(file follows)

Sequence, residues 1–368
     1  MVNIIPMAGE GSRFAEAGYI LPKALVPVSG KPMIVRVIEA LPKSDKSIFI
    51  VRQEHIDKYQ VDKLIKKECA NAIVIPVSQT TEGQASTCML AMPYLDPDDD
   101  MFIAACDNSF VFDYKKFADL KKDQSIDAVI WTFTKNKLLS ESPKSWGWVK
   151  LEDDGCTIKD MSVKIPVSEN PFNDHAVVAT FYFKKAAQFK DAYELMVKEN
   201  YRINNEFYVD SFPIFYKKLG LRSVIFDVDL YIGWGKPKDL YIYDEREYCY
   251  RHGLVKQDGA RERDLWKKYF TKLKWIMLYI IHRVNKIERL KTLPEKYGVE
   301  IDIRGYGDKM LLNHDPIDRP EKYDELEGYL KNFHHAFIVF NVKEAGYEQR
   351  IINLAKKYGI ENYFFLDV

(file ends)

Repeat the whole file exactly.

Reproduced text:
Sequence, residues 1–368
     1  MVNIIPMAGE GSRFAEAGYI LPKALVPVSG KPMIVRVIEA LPKSDKSIFI
    51  VRQEHIDKYQ VDKLIKKECA NAIVIPVSQT TEGQASTCML AMPYLDPDDD
   101  MFIAACDNSF VFDYKKFADL KKDQSIDAVI WTFTKNKLLS ESPKSWGWVK
   151  LEDDGCTIKD MSVKIPVSEN PFNDHAVVAT FYFKKAAQFK DAYELMVKEN
   201  YRINNEFYVD SFPIFYKKLG LRSVIFDVDL YIGWGKPKDL YIYDEREYCY
   251  RHGLVKQDGA RERDLWKKYF TKLKWIMLYI IHRVNKIERL KTLPEKYGVE
   301  IDIRGYGDKM LLNHDPIDRP EKYDELEGYL KNFHHAFIVF NVKEAGYEQR
   351  IINLAKKYGI ENYFFLDV